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Dark Land

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:Although never fleshed out in much detail, a "dark continent" called Mórenorë is said to be situated south of Middle-earth, separated by the sea of Haragaer.<ref>{{ICE|2003}}, pp. 7, 9</ref> A few glimpses of this remote continent, however, were provided:  
 
:Although never fleshed out in much detail, a "dark continent" called Mórenorë is said to be situated south of Middle-earth, separated by the sea of Haragaer.<ref>{{ICE|2003}}, pp. 7, 9</ref> A few glimpses of this remote continent, however, were provided:  
 
*A black cold-drake, Naikamil, is said to have fled from mountains in the south of Endor to Mórenorë after killing its mate.<ref>{{ICE|2012}}, p. 102</ref>  
 
*A black cold-drake, Naikamil, is said to have fled from mountains in the south of Endor to Mórenorë after killing its mate.<ref>{{ICE|2012}}, p. 102</ref>  
*[[Ungoliant]], a monster of the Elder Days, is said to have "settled in the shadowy reaches of Morenórë, the Dark Contintent",<ref group=note>This [[fanon]] lore was inspired by a passage in ''[[The Silmarillion]]'', which says that Ungoliant went "into the forgotten south of the world", after having dwelt at [[Nan Dungortheb]] (cf. "[[Of the Flight of the Noldor]]").</ref> according to tales of the Avari Elves.<ref>{{ICE|2006}}, p. 117</ref>
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*[[Ungoliant]], a monster of the Elder Days, is said to have "settled in the shadowy reaches of Morenórë, the Dark Continent",<ref group=note>This [[fanon]] lore was inspired by a passage in ''[[The Silmarillion]]'', which says that Ungoliant went "into the forgotten south of the world", after having dwelt at [[Nan Dungortheb]] (cf. "[[Of the Flight of the Noldor]]").</ref> according to tales of the Avari Elves.<ref>{{ICE|2006}}, p. 117</ref>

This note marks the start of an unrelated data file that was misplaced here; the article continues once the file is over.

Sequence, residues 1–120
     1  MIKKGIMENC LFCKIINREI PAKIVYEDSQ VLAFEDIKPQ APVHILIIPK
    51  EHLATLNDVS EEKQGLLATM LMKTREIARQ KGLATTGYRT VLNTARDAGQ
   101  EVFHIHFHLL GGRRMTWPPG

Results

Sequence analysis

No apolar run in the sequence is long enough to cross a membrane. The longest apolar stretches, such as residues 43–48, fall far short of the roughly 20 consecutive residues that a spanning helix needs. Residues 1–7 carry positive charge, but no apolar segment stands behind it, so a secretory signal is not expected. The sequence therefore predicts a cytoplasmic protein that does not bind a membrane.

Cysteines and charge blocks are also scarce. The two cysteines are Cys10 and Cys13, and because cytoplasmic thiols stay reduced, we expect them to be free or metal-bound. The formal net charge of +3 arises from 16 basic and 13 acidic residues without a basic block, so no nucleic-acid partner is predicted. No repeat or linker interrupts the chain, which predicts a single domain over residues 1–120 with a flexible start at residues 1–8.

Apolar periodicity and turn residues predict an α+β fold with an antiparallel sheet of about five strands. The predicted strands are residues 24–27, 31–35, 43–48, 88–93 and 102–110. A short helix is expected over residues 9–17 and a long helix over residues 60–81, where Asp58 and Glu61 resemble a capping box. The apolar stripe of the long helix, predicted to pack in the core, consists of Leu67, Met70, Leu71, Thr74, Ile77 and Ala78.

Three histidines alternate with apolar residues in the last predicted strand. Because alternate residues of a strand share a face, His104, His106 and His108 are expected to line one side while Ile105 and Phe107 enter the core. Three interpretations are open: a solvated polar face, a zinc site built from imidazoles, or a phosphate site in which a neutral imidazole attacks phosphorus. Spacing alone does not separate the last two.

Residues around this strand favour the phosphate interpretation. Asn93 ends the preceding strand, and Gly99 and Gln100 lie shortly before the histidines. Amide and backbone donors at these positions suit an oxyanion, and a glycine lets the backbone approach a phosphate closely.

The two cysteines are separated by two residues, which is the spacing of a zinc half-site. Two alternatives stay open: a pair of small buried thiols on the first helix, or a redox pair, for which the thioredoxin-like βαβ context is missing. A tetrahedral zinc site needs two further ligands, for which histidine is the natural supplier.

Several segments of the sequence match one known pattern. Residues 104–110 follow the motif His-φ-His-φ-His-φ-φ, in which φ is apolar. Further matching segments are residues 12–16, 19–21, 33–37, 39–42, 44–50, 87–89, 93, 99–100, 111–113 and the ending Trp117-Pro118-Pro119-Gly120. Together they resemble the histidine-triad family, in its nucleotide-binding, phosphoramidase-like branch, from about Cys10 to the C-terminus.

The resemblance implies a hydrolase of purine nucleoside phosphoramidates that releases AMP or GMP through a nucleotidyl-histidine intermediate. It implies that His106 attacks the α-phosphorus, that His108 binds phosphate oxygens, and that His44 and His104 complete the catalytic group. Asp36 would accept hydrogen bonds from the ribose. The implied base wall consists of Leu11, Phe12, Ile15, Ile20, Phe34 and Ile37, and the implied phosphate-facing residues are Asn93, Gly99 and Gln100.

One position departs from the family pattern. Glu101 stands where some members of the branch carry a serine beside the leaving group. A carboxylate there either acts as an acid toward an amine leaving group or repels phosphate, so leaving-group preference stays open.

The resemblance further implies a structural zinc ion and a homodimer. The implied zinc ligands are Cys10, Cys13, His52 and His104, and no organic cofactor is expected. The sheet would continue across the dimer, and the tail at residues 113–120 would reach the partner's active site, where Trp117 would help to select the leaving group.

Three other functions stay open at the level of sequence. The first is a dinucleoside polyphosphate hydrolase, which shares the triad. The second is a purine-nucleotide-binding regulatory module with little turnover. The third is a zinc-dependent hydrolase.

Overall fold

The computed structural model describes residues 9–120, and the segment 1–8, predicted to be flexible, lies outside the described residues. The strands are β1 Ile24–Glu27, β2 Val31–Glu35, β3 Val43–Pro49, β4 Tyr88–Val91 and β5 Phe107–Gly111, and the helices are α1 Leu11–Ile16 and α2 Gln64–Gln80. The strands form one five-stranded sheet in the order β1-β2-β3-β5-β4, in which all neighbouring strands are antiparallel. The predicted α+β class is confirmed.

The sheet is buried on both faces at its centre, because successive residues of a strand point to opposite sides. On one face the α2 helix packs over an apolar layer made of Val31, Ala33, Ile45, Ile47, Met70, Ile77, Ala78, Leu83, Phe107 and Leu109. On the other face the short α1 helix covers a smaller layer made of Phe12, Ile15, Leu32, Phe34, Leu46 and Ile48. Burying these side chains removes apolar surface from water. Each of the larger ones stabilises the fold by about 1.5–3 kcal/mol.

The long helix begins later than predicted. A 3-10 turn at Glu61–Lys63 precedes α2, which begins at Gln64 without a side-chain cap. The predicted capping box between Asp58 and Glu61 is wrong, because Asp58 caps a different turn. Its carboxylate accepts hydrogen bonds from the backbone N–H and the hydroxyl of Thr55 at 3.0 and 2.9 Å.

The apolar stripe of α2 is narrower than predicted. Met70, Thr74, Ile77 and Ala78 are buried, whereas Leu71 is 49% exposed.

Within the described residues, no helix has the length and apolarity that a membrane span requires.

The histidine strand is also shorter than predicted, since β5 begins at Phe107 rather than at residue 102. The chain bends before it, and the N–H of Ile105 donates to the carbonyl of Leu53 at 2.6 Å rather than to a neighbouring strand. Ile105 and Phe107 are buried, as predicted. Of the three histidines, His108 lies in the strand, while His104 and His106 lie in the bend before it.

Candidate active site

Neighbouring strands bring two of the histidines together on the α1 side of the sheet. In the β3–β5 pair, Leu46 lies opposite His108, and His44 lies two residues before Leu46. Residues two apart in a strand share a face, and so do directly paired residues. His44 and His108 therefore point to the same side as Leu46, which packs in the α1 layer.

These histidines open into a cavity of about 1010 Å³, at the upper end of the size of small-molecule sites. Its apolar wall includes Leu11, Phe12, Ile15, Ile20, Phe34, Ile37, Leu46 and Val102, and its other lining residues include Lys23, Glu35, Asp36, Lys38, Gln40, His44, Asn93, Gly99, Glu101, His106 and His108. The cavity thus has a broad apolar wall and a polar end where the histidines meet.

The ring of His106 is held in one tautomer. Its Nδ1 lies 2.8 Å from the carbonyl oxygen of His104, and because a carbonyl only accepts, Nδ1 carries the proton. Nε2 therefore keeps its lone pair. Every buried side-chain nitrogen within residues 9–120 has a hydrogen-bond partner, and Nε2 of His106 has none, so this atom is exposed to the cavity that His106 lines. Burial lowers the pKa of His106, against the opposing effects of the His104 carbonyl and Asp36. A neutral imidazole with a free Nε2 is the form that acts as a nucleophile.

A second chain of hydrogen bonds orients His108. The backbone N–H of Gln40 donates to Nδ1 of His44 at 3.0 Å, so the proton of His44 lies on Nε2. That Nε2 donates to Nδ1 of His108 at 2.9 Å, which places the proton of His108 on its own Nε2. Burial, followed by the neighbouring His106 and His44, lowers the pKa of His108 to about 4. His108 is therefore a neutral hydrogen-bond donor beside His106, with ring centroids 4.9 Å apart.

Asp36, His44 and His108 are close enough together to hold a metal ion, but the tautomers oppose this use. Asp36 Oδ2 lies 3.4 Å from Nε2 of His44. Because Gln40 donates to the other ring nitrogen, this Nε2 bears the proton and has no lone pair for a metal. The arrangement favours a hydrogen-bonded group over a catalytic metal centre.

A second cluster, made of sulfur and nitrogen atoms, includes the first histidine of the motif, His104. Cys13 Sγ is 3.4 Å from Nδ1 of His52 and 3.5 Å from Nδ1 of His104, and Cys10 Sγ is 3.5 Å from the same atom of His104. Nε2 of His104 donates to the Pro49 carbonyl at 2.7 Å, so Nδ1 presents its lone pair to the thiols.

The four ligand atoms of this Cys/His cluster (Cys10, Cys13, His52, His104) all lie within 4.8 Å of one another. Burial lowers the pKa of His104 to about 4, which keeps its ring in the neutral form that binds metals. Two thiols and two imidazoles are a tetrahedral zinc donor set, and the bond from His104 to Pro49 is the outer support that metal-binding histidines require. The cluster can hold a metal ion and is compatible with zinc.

*Ninko Goldmaster, a mysterious merchant appearing as a character in an adventure setting, is rumoured to have visited distant lands, including Mórenorë.<ref>{{ICE|3112}}, p. 117</ref>
 
*Ninko Goldmaster, a mysterious merchant appearing as a character in an adventure setting, is rumoured to have visited distant lands, including Mórenorë.<ref>{{ICE|3112}}, p. 117</ref>
  

Revision as of 21:56, 14 October 2011

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"there are Tolkien's latest thoughts, his best thoughts, and his published thoughts and these are not necessarily the same." — Tolkien's Legendarium
This article is non-canon.

Dark Land, also referred to as Southland, was a mysterious continent far south-east of the landmass of Middle-earth was part. It laid east of the East Sea.[1]

History

No inhabitants and no history of the Dark Land was ever recorded.

Inspiration

The position of the Dark Land is reminiscent of the idea of Lemuria. The Dark Land has no role in the legendarium and appears only in few early maps by Tolkien.

Portrayal in adaptations

1982-97: Middle-earth Role Playing:

Although never fleshed out in much detail, a "dark continent" called Mórenorë is said to be situated south of Middle-earth, separated by the sea of Haragaer.[2] A few glimpses of this remote continent, however, were provided:
  • A black cold-drake, Naikamil, is said to have fled from mountains in the south of Endor to Mórenorë after killing its mate.[3]
  • Ungoliant, a monster of the Elder Days, is said to have "settled in the shadowy reaches of Morenórë, the Dark Continent",[note 1] according to tales of the Avari Elves.[4]
  • Ninko Goldmaster, a mysterious merchant appearing as a character in an adventure setting, is rumoured to have visited distant lands, including Mórenorë.[5]

Notes

  1. This fanon lore was inspired by a passage in The Silmarillion, which says that Ungoliant went "into the forgotten south of the world", after having dwelt at Nan Dungortheb (cf. "Of the Flight of the Noldor").

References

  1. J.R.R. Tolkien, Christopher Tolkien (ed.), The Shaping of Middle-earth, "The Ambarkanta"
  2. Peter C. Fenlon, Jr., Jessica M. Ney-Grimm, Terry K. Amthor (1993), Middle-earth Campaign Guide (#2003), pp. 7, 9
  3. Ruth Sochard Pitt, Jeff O'Hare, Peter C. Fenlon, Jr. (1994), Creatures of Middle-earth (2nd edition) (#2012), p. 102
  4. Peter C. Fenlon, Jr. (1993), Valar and Maiar (#2006), p. 117
  5. Peter C. Fenlon, Coleman Charlton, Jessica Ney, John Croudis, Keith Robley, Anders Blixt (1990), Gorgoroth (#3112), p. 117